Hout Bay falls into the Table Mountain National Park. This information is therefore on a more broader base than just Hout Bay.
(With gratitude to the TMNP).
The Table Mountain National Park (TMNP) is rich in floral biodiversity and is part of the Cape Floristic Region World Heritage Site. The most common vegetation type in the TMNP is fynbos (meaning fine bush).
Fynbos consists of four major plant groups –
- Proteas – large shrubs with broad leaves
- Erica’s – heath-like, low growing shrubs
- Restios – read-like plants – are the only group that are found in all fynbos habitats and as such are called
- Geophytes – bulbs – these include watsonias and disa’s both of which occur mainly in wetland areas and are prominent after fires.
An ancient vegetation, fynbos has developed over millions of years with restios dating as far back as 60 million years.
It has a high level of endemism, which is when a specific plant occurs nowhere else on earth. A species is only endemic to an area of only a few kilometres.
Fynbos is a fire dependent vegetation. This means it has to burn approximately every 15 years to stimulate new growth and ensure that plant and animal communities remain healthy. Fires which would be beneficial to the biodiversity of the area are often extinguished because of the danger posed to the human settlements in close proximity. Should fynbos not burn every 20 to 30 years it will be come moribund and vigorous plant species will compete with others, which which may lead to the extinction of some species.
On the other hand certain areas of the Park experience fire too frequently due to human intervention. This can be destructive to the ecosystem. When young fynbos which is not yet seed-bearing burns, seed banks are depleted changing the diversity of plant species in the area.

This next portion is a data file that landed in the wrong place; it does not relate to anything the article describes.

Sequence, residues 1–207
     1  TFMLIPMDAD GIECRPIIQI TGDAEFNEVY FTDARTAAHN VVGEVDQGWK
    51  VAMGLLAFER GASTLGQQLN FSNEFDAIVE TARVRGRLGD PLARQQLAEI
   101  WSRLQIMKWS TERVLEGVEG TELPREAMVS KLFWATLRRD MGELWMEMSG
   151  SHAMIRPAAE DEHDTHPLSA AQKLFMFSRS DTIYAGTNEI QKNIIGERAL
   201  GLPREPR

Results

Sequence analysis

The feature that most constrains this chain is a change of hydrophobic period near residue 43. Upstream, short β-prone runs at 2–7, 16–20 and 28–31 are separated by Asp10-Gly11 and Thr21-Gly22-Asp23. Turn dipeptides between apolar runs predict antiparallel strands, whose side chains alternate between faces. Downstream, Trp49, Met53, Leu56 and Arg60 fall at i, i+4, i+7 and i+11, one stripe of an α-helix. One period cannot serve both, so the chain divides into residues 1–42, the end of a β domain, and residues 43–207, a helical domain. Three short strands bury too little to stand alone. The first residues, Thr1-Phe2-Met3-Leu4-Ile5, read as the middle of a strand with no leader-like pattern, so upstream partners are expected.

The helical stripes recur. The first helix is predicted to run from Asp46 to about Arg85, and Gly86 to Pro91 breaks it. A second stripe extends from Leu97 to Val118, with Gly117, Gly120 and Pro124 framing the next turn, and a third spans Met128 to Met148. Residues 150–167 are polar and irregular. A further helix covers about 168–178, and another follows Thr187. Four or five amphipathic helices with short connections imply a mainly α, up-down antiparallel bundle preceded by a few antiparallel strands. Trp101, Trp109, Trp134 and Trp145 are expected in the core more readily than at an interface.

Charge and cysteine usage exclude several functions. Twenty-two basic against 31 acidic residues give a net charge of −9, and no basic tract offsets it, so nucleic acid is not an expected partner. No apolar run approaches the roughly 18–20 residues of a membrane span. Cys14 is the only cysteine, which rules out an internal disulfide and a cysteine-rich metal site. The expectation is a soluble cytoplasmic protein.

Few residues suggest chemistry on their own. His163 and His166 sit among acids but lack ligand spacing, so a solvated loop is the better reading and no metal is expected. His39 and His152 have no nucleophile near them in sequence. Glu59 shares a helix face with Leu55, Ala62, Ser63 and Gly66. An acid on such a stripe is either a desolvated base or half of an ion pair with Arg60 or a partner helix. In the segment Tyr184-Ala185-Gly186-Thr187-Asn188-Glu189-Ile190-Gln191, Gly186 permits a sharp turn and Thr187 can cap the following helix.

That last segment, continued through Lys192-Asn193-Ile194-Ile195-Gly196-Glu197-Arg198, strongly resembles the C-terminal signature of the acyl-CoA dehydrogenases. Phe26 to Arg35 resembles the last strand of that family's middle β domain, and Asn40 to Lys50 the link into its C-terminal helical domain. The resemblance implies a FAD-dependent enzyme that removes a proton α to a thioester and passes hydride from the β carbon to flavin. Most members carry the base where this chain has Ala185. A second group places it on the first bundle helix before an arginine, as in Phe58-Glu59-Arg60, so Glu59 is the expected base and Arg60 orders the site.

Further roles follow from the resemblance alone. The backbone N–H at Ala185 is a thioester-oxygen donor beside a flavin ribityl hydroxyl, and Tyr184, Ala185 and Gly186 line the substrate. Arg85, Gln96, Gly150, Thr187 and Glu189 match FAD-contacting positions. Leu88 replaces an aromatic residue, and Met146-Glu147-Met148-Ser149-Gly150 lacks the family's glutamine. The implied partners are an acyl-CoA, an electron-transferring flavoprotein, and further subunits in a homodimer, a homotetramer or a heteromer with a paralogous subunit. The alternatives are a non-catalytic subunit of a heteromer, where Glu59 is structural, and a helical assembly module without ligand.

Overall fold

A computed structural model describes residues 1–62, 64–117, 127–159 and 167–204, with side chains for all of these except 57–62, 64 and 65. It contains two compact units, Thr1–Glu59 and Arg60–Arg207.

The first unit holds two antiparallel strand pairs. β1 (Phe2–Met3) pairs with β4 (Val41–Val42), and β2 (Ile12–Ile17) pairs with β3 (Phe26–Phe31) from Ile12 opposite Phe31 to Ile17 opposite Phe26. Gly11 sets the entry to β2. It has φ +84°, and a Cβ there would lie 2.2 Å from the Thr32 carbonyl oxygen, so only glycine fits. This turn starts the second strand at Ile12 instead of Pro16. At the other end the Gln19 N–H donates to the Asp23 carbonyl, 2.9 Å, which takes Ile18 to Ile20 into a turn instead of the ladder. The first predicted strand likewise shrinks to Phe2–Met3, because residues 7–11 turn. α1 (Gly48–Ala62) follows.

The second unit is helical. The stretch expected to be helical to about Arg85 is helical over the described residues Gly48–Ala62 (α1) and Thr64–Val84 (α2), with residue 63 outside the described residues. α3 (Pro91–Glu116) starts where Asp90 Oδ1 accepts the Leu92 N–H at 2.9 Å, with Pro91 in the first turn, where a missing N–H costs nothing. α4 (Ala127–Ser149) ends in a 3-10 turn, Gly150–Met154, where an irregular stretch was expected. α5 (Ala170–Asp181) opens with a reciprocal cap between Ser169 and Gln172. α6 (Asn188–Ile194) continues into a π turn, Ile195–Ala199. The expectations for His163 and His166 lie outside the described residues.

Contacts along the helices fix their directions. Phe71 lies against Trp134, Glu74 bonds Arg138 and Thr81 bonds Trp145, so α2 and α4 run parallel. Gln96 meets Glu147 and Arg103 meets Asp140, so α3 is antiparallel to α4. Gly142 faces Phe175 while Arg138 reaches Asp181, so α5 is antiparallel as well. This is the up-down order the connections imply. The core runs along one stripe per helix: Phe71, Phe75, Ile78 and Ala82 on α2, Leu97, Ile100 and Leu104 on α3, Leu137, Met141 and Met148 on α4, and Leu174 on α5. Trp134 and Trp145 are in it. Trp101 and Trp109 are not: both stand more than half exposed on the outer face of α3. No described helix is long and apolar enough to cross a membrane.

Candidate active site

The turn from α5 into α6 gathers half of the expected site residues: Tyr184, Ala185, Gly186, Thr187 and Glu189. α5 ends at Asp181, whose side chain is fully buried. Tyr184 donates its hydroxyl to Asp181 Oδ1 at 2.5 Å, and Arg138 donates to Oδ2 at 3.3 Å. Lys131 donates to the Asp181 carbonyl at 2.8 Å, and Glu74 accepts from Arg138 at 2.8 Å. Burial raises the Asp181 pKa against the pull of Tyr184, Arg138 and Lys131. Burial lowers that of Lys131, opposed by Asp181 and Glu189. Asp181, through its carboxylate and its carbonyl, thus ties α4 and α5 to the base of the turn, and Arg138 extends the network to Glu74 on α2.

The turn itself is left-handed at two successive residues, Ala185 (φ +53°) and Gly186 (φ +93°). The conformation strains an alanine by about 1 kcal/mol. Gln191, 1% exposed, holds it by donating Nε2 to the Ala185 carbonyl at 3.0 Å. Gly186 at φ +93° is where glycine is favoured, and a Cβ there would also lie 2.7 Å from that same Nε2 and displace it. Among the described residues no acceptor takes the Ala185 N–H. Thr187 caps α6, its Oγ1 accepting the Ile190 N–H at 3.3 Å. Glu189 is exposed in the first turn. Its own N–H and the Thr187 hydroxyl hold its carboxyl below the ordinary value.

Renosterveld (rhinoceros field) found on the slopes of Signal Hill and in patches on Devil’s Peak, is rich in geophytes and is also characterised by small shrubs such as erica's and grasses. The renosterveld has been hard hit by too-frequent fires - a result of human activity.
There is no real indication of the expanse of Afromontane Forest on the Peninsula in pre-colonial times. Today only small pockets remain in the TMNP due to large settlement swathes being cut within 50 years of European settlement.
Afromontane Forest usually occurs below 800m and requires good rainfall and nutrient rich soil. Primarily in kloofs on the slopes of Table Mountain today, it does occur as far south as the Cape of Good Hope. Consisting of medium-height (15m-20m) evergreen trees, it is not very rich in diversity and consists of around 33 species.
Due to the density of the forest canopy only a few other plants, such as ferns, are found in the forest but there is a profusion of algae’s and mosses.
The majority of animals in the forests are of the reptilian, invertebrate (insect) or avian persuasion although you can see rooikat and smaller antelope such as steenbok.